This piece comes to us from Theresa McGuirk. I am very
pleased to have an entry of this quality as the first from a
guest author. The voice of this piece is clearly speaking
directly to the reader, but don’t let that dissuade you from
submitting something that comes from a different angle
altogether. Feel free to copy and paste straight from your
personal acting journal. One of our upcoming featured authors
did just that, with a little tidying up for clarity.
One of the things I appreciate most as an actor is that moment
when everything clicks. You know what I mean. That moment when
you are on stage and all of a sudden, the clouds part and the
heavens open and the years of intense training come joyfully to
fruition, and the blood, sweat, and tears endured during the
rehearsal process are all worth it. That moment where you
discover something not only about your character, but about
yourself as well.
When I was in school, my fellow classmates and I were tasked
with the wonderful assignment of performing four monologues as
part of our acting final. Two classic, two contemporary, a
comedic and dramatic of each. After that ordeal was over, I went
to my acting teacher for notes on my performance. She said that I
did a great job with each of the pieces, but the thing that
concerned her was that they all seemed to have the same IQ. More
importantly, they all had my IQ.
“You are a very smart young lady,” she said, “but not every
character you play is going to be as smart as you.”
I pondered her words for a long time and they seemed to make
sense, but it wasn’t until about two years later that that nugget
of wisdom really hit me.
I was called in at the last minute to take over a part in a
show. It was a role that I was actually supposed to play from the
beginning, but things changed. Anyway, it was really a blessing
in disguise that things turned out the way they did; not for my
sanity or the sleep that I lost, but for my growth as an actor.
If I had had the whole process to over-think things, like I
normally did, I would probably never have learned the lesson I
was supposed to learn.
This was a character that was so far removed from me. She was a
floater, I am a wringer. She was very simple with her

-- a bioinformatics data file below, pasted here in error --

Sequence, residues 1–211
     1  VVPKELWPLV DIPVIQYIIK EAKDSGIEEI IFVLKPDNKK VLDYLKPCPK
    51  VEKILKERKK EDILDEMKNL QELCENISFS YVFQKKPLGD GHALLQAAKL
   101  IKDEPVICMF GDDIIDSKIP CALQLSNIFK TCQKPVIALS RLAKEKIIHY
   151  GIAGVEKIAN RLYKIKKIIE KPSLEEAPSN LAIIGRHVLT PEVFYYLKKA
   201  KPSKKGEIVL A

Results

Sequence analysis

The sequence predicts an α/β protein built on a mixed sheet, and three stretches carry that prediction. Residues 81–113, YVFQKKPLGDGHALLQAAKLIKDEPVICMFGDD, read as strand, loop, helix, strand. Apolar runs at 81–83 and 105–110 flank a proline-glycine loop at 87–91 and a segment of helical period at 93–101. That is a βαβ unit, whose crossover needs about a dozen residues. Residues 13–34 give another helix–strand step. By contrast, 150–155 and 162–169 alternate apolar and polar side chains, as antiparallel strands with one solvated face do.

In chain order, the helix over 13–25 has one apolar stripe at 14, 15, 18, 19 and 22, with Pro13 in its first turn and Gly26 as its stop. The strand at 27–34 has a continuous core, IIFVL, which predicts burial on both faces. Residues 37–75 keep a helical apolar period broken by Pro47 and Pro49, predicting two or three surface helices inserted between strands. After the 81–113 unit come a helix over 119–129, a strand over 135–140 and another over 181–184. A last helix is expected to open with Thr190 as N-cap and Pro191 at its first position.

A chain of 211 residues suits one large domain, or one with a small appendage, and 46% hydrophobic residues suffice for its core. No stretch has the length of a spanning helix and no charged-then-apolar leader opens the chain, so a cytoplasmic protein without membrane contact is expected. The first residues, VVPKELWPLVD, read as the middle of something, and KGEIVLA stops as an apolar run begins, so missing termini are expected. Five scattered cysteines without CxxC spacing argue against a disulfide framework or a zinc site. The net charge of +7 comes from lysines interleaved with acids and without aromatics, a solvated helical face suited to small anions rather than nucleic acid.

thoughts and I, well, I have never had a simple thought in my
life. And I had four short days to learn lines, and blocking, and
when to wear what costume, and oh yeah, how to lower my IQ to be
this girl who was no where near as smart as I was.
Somewhere in the middle of the second preview, this gloriously
bright light bulb went off in my head. It occurred to me, as I
was delivering the most tripped out monologue about how I wanted
to be an eagle, that a wall had been broken through. This girl
wasn’t as smart as me, true, but she wasn’t dumb. No one really
goes through life thinking that they are dumb. She might not have
had super complex thoughts, but the thoughts she did have were
important to her.
And then it occurred to me that the reason I was always opting
to play smart, strong women, was because I was scared of the
vulnerability that came with not seeming invincible. The walls of
strength and intelligence that I had been hiding behind needed to
I did start to notice, after I came to this realization, that
a lot of us seem to struggle with finding a happy IQ for our
characters. One woman I have worked with in the past, a very
seasoned actress, had such trouble with a character she was
playing. A character, you could tell, she thought she was much
smarter than. Rather than embracing this role, she almost seemed
to be personally commenting on how not smart she thought this
girl was to the point of mockery, or caricaturization. This led
to a very lackluster and insincere performance that the audience
had trouble relating to.
One of my favorite pastimes is people watching. You learn a
lot about people and what they think of themselves just by
observing them. I have found this practice to be incredibly
helpful when I need some guidance on how to adjust my IQ. If you
need enlightenment about people, that is the best place to start.
But don’t do it at Walmart. There are some forms of intelligence
that should never be observed.